By: Duncan Burns, Political Oberserver
This is not the story of a lottery winner, nor is it one of a successful rags-to-riches journey, no, this is the story of a Massachusetts Legislator. The Massachusetts State Representative in question name is Brian Dempsey, who has served on Beacon Hill for over two (2) decades. Over his career in politics, he has amassed over one-million dollars in political campaign contributions, so maybe this story is similar to winning the lottery, only without paying the taxes on the winnings.
These campaign contributions are mostly from the who’s-who of lobbying and law firms, with a smattering of successful business and property owners, some of whom have a lot of self-interests not only in this state, but The City of Haverhill. There are not many by way of average citizens on the contributor list, which raises the question: whose interest does Brian Dempsey serve? Corporate interests or The Peoples? Now I know that draws the ire of Democrats and Republicans alike because businesses employ citizens, so of course Rep. Dempsey should cater to them. My argument is, if this is true, then why have the Citizens of Massachusetts real median income been in decline for fifteen years? Our incomes have plummeted by ten percent (10%) since 2000 (factoring inflation), while taxation in this state has increased a whopping fifty-two percent (52%) during the same time period. So what kind of jobs exactly are being created by these well-heeled donors that is impoverishing The Citizenry?
Going in descending order, I thought I would spotlight a few of the campaign contributions over the past year, much like their political brethren in Congress, it’s no secret that “pay-to-play” runs rampant both Beacon Hill and in the Halls of The Capitol Building. The first item that caught my eye was liquor and beer companies, as my first thought is there must be a Bill somewhere that effects these folks, because there is a flurry of activity by the likes of; M.S. Walker, Ruby Wines, United Liquors, Martignetti Companies, and Horizon Beverage Company. Trinity Ambulance is a frequent flier with over $12,000 in contributions, but one would think after buying the naming rights to Haverhill Stadium for $25K, they wouldn’t have to keep paying and instead use the monies to pay their front line employees instead.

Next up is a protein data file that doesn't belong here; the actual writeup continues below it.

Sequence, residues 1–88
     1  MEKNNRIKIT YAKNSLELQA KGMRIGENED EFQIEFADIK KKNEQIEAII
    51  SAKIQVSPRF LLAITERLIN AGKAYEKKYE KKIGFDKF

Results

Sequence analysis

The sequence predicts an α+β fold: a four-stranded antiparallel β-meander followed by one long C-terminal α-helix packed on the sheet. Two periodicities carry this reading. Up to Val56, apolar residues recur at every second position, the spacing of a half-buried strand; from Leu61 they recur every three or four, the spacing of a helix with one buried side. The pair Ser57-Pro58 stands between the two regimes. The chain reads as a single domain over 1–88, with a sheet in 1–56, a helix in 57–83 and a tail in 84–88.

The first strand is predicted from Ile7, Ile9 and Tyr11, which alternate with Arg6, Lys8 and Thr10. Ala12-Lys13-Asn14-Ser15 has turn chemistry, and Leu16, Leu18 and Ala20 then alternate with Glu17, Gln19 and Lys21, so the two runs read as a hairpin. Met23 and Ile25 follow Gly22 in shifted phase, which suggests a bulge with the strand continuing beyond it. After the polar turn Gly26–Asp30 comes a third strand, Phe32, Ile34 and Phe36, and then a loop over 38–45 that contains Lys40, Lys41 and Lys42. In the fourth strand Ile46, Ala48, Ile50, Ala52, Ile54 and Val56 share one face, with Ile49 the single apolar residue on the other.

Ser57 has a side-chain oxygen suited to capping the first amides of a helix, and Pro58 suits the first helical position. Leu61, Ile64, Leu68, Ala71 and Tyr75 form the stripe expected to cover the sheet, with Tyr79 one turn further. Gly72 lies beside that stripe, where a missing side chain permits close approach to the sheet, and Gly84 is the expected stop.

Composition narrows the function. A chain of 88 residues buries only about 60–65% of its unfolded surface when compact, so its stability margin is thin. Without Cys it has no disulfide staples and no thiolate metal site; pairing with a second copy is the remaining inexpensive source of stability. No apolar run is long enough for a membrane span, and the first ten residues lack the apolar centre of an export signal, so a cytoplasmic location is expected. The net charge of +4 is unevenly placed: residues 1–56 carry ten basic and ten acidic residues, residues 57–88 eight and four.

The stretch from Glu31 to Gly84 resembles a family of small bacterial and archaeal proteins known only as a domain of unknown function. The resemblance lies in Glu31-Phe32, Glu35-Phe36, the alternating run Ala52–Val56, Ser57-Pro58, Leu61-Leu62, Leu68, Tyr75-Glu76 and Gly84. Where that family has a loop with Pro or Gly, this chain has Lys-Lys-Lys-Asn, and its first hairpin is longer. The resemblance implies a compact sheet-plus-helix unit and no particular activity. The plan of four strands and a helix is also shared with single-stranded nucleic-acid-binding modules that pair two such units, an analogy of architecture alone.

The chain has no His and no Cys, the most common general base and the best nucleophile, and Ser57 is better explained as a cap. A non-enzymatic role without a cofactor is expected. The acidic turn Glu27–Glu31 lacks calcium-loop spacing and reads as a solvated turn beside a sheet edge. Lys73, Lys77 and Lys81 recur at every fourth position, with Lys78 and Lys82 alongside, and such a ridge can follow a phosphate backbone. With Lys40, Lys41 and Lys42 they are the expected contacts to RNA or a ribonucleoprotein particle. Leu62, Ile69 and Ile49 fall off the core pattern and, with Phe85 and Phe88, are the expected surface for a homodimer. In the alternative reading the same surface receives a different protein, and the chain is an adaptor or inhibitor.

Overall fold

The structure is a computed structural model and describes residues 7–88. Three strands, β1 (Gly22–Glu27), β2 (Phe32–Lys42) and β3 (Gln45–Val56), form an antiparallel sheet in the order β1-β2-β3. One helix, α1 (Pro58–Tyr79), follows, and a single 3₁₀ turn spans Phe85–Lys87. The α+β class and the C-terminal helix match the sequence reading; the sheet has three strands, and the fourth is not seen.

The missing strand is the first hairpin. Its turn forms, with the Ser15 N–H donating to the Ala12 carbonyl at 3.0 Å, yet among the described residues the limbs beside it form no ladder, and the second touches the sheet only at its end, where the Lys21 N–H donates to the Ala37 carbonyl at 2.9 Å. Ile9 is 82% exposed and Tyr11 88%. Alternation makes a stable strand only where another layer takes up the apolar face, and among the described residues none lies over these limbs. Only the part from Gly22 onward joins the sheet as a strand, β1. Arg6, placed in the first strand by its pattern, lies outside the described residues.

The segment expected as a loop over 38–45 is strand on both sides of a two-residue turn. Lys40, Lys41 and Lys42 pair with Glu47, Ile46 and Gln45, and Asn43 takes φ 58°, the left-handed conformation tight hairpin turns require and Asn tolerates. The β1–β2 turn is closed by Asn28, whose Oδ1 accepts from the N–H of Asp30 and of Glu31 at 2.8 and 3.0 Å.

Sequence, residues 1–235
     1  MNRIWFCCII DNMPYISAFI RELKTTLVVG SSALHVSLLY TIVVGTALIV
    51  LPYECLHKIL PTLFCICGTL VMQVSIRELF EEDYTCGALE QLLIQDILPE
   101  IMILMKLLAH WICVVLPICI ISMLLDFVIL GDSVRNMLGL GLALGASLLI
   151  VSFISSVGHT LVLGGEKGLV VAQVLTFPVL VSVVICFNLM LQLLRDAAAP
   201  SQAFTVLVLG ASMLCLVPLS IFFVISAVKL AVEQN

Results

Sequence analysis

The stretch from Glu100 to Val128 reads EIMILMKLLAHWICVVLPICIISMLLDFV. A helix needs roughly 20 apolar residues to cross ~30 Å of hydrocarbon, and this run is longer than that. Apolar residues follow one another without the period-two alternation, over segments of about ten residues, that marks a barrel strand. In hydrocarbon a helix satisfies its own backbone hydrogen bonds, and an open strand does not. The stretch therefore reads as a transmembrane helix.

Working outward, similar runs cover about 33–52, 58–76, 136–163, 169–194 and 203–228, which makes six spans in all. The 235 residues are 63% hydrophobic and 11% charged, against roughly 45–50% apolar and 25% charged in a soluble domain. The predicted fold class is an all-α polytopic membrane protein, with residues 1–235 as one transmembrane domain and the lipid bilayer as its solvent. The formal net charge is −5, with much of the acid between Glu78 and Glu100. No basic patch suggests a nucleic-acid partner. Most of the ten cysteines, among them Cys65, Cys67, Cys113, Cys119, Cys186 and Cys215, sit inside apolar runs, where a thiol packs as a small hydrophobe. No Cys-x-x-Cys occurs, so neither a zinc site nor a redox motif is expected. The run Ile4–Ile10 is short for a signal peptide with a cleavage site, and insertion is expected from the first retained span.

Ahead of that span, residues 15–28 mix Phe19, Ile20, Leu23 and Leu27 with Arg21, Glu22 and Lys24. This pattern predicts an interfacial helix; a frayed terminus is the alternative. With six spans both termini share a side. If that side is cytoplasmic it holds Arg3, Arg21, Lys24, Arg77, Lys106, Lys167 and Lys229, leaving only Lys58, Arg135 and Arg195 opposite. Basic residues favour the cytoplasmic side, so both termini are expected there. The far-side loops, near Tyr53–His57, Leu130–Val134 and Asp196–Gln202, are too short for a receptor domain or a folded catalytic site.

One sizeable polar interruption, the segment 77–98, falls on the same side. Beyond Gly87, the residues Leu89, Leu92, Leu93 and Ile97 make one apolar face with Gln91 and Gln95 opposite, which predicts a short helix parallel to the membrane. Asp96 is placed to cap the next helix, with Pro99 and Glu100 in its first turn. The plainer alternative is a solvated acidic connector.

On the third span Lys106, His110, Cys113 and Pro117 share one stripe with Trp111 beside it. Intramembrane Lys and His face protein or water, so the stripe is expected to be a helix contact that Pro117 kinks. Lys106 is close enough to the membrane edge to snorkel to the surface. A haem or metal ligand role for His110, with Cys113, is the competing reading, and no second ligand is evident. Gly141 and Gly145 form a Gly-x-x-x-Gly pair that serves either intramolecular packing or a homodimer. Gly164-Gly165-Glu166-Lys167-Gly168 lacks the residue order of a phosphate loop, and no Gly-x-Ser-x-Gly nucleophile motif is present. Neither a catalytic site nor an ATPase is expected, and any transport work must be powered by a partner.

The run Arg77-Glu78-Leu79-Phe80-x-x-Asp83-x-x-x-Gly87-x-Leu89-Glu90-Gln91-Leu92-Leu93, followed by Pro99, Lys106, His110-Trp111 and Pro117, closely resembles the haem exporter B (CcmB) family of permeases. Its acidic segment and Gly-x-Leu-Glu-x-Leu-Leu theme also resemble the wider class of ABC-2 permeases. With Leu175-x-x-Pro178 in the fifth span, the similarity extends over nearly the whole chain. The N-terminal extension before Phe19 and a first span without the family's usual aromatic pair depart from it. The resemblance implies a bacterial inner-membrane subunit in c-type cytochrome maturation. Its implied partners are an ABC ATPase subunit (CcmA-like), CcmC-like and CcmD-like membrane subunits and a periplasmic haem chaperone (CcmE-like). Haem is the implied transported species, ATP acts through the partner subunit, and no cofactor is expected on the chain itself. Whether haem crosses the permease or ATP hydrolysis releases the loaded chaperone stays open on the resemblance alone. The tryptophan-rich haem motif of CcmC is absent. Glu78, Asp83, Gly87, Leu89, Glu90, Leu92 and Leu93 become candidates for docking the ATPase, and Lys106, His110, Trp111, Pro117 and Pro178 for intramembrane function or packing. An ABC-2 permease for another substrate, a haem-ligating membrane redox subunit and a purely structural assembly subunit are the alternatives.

Like a lot of other recipients of campaign cash, one is likely to find on the list is that of public employees (and their unions) and “Legislative Agents”. Of particular note, Ex-State Senator Stephen Baddour of Methuen made the list, he resigned from office in the wake of The Massachusetts Probation Department scandal. It seemed to have worked out well for him, now continuing to be a regular campaign donor and a legislative agent for the firm of McDermott, Will, and Emery. As we learned from this scandal, it gave a whole new meaning of what “pay-to-play” means, even if Brian’s boss, House Speaker Robert DeLeo remains an “unindicted co-conspirator”. Then again, there’s another Ex-State Speaker that’s a convicted felon, and he got his own radio show. So maybe crime does pay?
One final note on the list is Steward Health Care Systems, They are a subsidiary of Cerberus Capital Management. While not a big “player”, they still donated over $6,000 to Brian, which would make sense because they took over Haverhill Hospital, the former being the failed Hale Hospital to which The City of Haverhill is still paying millions for by way of deficit spending bonds. Of particular note, The City of Haverhill’s former, and now defunct bond counsel was the firm Edwards, Wilde, and Palmer L.P. Why is this noteworthy? Edwards, Wilde, and Palmer was also a paid lobbyist in the employ of said Cerberus Capital Management, but I’m sure all sorts of Chinese Walls were in place for those dealings.
There are plenty more people, companies, and connections on the list, but in Brian’s case, given his position as Chair of Ways and Means, he controls the purse strings which makes it natural that more than a few donors want a piece of the proverbial pie. Meanwhile, it is The People of Massachusetts (and the nation as a whole) that suffer from this obvious crony capitalist paradigm where free markets no longer exist, only those who pay get a seat at the table. How long does this last? This is anyone’s guess, but if the decline of incomes and the decline of home ownership in Massachusetts are any indicator, along with a state that leads the nation in income disparity, maybe ask those who claim they are serving in the interests of The People of Massachusetts.